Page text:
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Higher Efficiency Organic Solar Cell Created by UCSB Nobel Laureate and Research Team

Thursday, July 12, 2007 - 17:00
Santa Barbara, CA


Photo Credit: 

Alan Heeger

Using plastics to harvest the energy of the sun just got a significant boost in efficiency thanks to a discovery made at the Center for Polymers and Organic Solids at the University of California, Santa Barbara.

Nobel laureate Alan Heeger, professor of physics at UC Santa Barbara, worked with Kwanghee Lee of Korea and a team of other scientists to create a new "tandem" organic solar cell with increased efficiency. The discovery, explained in the July 13 issue of the journal Science, marks a step forward in materials science.

Tandem cells are comprised of two multilayered parts that work together to gather a wider range of the spectrum of solar radiation –– at both shorter and longer wavelengths. "The result is six and a half percent efficiency," said Heeger. "This is the highest level achieved for solar cells made from organic materials. I am confident that we can make additional improvements that will yield efficiencies sufficiently high for commercial products." He expects this technology to be on the market in about three years.

Heeger and Lee have collaborated for many years on developing solar cells. The new tandem architecture that they discovered both improves light harvesting and promises to be less expensive to produce. In their paper, the authors explain that the cells "… can be fabricated to extend over large areas by means of low-cost printing and coating technologies that can simultaneously pattern the active materials on lightweight flexible substrates."

The multilayered device is the equivalent of two cells in series, said Heeger. The deposition of each layer of the multilayer structure by processing the materials from solution is what promises to make the solar cells less expensive to produce.

"Tandem solar cells, in which two solar cells with different absorption characteristics are linked to use a wider range of the solar spectrum, were fabricated with each layer processed from solution with the use of bulk heterojunction materials comprising semiconducting polymers and fullerene derivatives," wrote the authors.

The cells are separated and connected by the material TiOx, a transparent titanium oxide. This is the key to the multilayer system that allows for the higher-level efficiencies. TiOx transports electrons and is a collecting layer for the first cell. In addition, it acts as a stable foundation that allows the fabrication of the second cell, thus completing the tandem cell architecture.

Heeger shared the Nobel Prize in Chemistry in the year 2000, with Alan MacDiarmid and Hideki Shirakawa, for the "discovery and development of conducting polymers." The tandem solar cells reported in the Science article utilize semiconducting polymers from the class of materials that were recognized by the award of the Nobel Prize.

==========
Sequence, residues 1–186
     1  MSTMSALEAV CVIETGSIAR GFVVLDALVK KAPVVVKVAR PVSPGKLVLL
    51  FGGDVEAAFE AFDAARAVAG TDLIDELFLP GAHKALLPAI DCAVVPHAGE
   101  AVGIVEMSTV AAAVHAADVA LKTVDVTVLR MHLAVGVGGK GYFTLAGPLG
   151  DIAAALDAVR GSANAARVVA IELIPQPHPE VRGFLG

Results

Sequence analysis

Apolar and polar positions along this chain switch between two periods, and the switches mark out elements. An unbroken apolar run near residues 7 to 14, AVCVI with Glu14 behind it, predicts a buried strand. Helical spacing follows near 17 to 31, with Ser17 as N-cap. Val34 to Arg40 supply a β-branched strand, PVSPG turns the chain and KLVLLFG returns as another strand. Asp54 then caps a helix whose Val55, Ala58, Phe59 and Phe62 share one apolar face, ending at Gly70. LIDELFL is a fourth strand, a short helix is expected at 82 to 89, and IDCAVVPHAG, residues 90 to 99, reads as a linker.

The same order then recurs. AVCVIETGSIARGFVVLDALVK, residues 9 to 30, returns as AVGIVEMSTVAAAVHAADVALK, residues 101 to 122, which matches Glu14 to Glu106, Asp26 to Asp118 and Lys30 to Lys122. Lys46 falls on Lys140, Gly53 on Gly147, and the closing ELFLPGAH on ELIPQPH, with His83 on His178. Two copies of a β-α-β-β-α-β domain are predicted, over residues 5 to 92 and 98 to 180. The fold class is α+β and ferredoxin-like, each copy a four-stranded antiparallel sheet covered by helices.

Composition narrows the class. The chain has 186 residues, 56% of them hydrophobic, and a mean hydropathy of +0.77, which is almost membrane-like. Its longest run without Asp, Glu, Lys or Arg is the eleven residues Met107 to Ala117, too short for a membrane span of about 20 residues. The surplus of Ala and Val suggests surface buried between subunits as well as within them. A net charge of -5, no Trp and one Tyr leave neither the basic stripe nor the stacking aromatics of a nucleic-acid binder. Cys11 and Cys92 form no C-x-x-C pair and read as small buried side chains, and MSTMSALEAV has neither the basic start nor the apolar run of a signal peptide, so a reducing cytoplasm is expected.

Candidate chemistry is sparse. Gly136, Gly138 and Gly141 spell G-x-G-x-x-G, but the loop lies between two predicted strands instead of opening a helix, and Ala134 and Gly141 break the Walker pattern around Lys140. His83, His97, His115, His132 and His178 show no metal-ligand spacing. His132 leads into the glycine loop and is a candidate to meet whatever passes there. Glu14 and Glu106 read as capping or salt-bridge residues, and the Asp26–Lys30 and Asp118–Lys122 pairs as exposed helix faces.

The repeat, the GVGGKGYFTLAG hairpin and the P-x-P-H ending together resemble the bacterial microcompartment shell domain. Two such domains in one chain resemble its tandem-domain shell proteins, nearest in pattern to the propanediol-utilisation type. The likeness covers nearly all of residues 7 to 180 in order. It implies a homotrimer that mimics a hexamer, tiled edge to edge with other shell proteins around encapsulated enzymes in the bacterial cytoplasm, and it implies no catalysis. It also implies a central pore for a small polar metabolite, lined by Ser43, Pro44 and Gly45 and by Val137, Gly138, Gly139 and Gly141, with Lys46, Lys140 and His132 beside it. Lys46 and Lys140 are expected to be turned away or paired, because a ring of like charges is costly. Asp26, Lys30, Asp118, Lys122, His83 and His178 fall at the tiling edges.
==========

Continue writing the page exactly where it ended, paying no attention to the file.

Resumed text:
With Howard Berke, Heeger in 2000 co-founded Konarka Technologies, based in Lowell, Mass., to develop and market solar cells based on this technology.

Heeger recently was presented with the Italian Prize for Energy and the Environment (Eni Italgas Prize) for his discoveries and research accomplishments in the field of "plastic" solar cells. The Italian agency cited Heeger "for research that will begin to contribute to the energy needs of our planet in the near future." An exciting aspect of the latest discovery is that it is expected to contribute to third world usage of technologies such as laptop computers in areas that are "off the electricity grid."

The work described in the Science article was performed at UC Santa Barbara's Center for Polymers and Organic Solids. Heeger's longtime collaborator Lee, a professor in the Department of Materials Science and Engineering at the Gwangju Institute of Science and Technology, in Gwangju, Korea, made fundamentally important contributions, along with first author Jin Young Kim, a postdoctoral fellow who is also from Korea. Other collaborators from UCSB's Center for Polymers and Organic Solids include Nelson E. Coates, Daniel Moses, Thuc-Quyen Nguyen, and Mark Dante.

About Alan Heeger

Professor Heeger shared the Nobel Prize in chemistry in 2000 for his role in the revolutionary discovery that plastics can have the properties of metals and semiconductors, a finding that created an important new field of research. A member of the UCSB faculty since 1982, Professor Heeger was director of the Institute for Polymers and Organic Solids for 17 years, until 1999. The recipient of many international honors and awards, he is a fellow of the American Physical Society and a member of both the National Academy of Sciences and the National Academy of Engineering. In 2003 he was named to a University of California Presidential Chair, an honor reserved for the institution's most distinguished scholars. Konarka, a company he co-founded, was recently named one of the "Ten to Watch," in a new book, "The Clean Tech Revolution."